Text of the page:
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Maybe your 136WB is a low roof. So the top is visible? To anyone who knows about the stealth camping trend, like a LEO, the vent on top will scream “camper”. And the van parked with people going in and out, making noise, covered windshield, all is a mighty big tip. For people who live in rural areas, ANY vehicle from bicycle to semi rig parked on a side road, parking lot, vacant land, etc. is a vehicle to be watched and investigated.

That said, how much electricity do you plan to use before driving?


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Discussion Starter #8
Thanks all for your input! My question's not really about the pros and cons of stealth camping or if it's actually possible though I do appreciate your opinions. I do want to use solar in some form and will consider the roof mount option.


I'm pretty interested in the lithium battery route and was wondering about the Redarc dual charger. Interestingly Redarc says it's compatible with lithium, but Battle Born for one, says it won't work with their batteries. So it's not a done deal that all these so-called lithium chargers are compatible with all lithium batteries, something that was news to me. I guess my initial research was trying to understand if I could find a charger that incorporated the solar controller and the battery isolator function, something that the Redarc purports to do. I'm a total beginner when it comes to anything outside of my standard 12v DC one AGM battery to alternator scenario.

@pbanbury we tend to use around 50ah at a go, or around 40% of our capacity which I thought was a bit much drainage on the AGM battery on a constant basis.
 

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50 A-H! If that is so why are you thinking of spending $$$$ on a battery of that type? If I wanted to carry around a tiny computer.... Oh I do that already.... it needs a lithium battery for lightness and size. In a van for 50 amp-hours? Not so much. Perhaps we could all satisfy our lithium curiosity by experimenting with our cell phones?? I could then say “I’m pretty interested in the lithium battery route- for my phone...” Just think of the money we would all save. Now if you were Winston you would need that battery as he has managed to ramp up his use to about 478 KWH a month when traveling. He is a highly trained electrical sparky guy who may know what he is doing.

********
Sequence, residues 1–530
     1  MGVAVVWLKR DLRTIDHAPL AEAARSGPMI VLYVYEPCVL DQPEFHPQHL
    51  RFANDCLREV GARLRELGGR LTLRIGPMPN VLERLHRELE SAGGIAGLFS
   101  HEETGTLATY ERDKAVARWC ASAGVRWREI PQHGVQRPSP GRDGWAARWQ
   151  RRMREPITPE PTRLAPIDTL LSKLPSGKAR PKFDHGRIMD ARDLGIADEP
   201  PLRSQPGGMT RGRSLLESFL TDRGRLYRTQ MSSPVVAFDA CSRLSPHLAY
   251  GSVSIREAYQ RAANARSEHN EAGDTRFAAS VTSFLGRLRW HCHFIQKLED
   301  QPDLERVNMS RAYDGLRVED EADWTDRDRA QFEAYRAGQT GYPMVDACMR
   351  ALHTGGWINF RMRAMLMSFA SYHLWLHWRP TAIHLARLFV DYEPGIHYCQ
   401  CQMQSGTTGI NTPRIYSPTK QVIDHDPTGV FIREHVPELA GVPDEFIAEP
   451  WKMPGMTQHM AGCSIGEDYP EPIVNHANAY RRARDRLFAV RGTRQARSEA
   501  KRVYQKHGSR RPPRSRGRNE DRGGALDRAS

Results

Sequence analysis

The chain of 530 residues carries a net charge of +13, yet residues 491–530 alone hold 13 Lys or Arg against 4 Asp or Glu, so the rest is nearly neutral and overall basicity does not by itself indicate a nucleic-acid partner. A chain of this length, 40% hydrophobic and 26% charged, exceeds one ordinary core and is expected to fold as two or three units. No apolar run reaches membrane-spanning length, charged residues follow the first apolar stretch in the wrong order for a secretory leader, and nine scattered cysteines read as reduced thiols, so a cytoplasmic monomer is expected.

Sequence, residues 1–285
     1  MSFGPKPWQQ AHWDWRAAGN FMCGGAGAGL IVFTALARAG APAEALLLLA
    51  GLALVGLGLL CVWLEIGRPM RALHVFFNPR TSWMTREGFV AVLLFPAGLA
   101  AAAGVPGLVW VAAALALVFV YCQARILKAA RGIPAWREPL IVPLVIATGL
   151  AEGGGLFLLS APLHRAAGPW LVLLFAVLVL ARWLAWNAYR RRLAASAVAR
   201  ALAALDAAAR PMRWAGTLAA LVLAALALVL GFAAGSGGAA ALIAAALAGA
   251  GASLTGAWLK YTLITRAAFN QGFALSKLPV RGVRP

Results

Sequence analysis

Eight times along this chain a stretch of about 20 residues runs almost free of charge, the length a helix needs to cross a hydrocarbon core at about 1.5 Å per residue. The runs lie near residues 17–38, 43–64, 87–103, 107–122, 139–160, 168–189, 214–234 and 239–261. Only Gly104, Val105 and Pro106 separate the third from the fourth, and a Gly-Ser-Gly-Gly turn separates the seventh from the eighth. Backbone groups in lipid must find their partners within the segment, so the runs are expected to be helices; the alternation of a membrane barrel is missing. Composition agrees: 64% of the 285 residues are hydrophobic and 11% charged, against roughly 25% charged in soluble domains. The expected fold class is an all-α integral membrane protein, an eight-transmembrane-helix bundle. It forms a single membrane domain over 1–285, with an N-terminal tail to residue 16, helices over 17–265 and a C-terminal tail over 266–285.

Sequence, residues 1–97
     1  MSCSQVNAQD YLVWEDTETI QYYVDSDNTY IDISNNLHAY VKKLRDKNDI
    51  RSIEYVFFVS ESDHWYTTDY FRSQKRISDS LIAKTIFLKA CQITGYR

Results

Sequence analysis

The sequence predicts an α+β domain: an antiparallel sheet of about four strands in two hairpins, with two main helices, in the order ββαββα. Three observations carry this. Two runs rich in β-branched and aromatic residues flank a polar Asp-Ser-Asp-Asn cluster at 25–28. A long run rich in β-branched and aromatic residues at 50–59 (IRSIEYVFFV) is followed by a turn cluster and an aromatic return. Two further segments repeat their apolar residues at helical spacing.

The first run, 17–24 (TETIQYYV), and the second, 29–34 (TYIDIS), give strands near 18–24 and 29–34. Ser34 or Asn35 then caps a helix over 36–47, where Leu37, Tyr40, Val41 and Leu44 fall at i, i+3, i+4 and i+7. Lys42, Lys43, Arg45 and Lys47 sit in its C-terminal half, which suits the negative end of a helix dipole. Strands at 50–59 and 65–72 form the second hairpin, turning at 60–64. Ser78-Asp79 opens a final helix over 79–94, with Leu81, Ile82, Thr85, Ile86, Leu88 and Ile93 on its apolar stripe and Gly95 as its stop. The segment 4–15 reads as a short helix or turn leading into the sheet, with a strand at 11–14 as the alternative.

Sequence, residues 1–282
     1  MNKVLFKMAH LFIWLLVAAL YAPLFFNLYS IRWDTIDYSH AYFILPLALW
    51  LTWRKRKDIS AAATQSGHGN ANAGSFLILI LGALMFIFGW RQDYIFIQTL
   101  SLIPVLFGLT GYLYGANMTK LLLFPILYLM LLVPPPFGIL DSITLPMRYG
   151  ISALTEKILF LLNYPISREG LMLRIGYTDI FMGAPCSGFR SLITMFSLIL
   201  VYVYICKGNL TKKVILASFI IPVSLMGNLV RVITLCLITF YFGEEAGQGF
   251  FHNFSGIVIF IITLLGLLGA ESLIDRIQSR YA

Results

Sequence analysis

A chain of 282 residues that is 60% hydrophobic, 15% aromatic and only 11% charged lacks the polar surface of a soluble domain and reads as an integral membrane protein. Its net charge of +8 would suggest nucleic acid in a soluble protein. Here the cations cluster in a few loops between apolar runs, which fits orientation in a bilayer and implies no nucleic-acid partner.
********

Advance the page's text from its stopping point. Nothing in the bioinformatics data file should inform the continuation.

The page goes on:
Ignore the recent trend to say something that supports my point of view.... It will pass and I will return to a lonesome voice in the van wilderness!.
 

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https://redarcelectronics.com/products/dual_input_25a_in-vehicle_dc_battery_charger


Has anyone installed or considered this charger? REDARC Dual input 25A in-vehicle battery charger BCD1225D


This charger seems to be ideal & offers everything I need......can anyone add to my understanding....or rain on my parade....?

Redarc are an Aussie brand and here they are considered state of the art. They're friggin expensive but are built to last.
VERY popular here in OZ.
Squeak
 
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Perhaps we could all satisfy our lithium curiosity by experimenting with our cell phones??
Actually, I kinda did just that at the Grand Canyon in December. Down in the canyon, it was too cold to charge my phone unless I tucked it close to my body heat. Then I thought about the van up on the rim where it was a lot colder and I couldn't fit the AGM's in my armpit.
 

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Discussion Starter #13
Haha!! Well I guess my parade is well and truly soaked now...! You guys are great!!


In the last 3 years I've camped on streets, in parking lots, rest stops and I never had a problem...I'm not looking to fool anyone just get a night's sleep and move on! I feel like the less obtrusive I can be the better and I don't want to jinx it. But I might look at the one solar panel on the roof like MsNomer suggested. That doesn't seem too far out of my comfort zone!


Yeah I get that lithiums are more expensive and all that, but I think cost per cycle they actually compare quite favorably? As far as something I "really need" well, I think that's all relative. I don't really need a whole lot in my van: I can do without toilet, shower, sink, heaters, swivel seats and stuff.....come to think of it I might get a swivel ;-).... so I guess that saves me $ for expensive batteries!


Would love to hear from any lithium converts/fans, even for modest electrical needs.


Thanks @Squeaka for the feedback about the Redarc. It seems to me that Australians really know their gear and they are big on heavy duty/high quality, given the harsh environment. And like my mom always says buy cheap buy twice!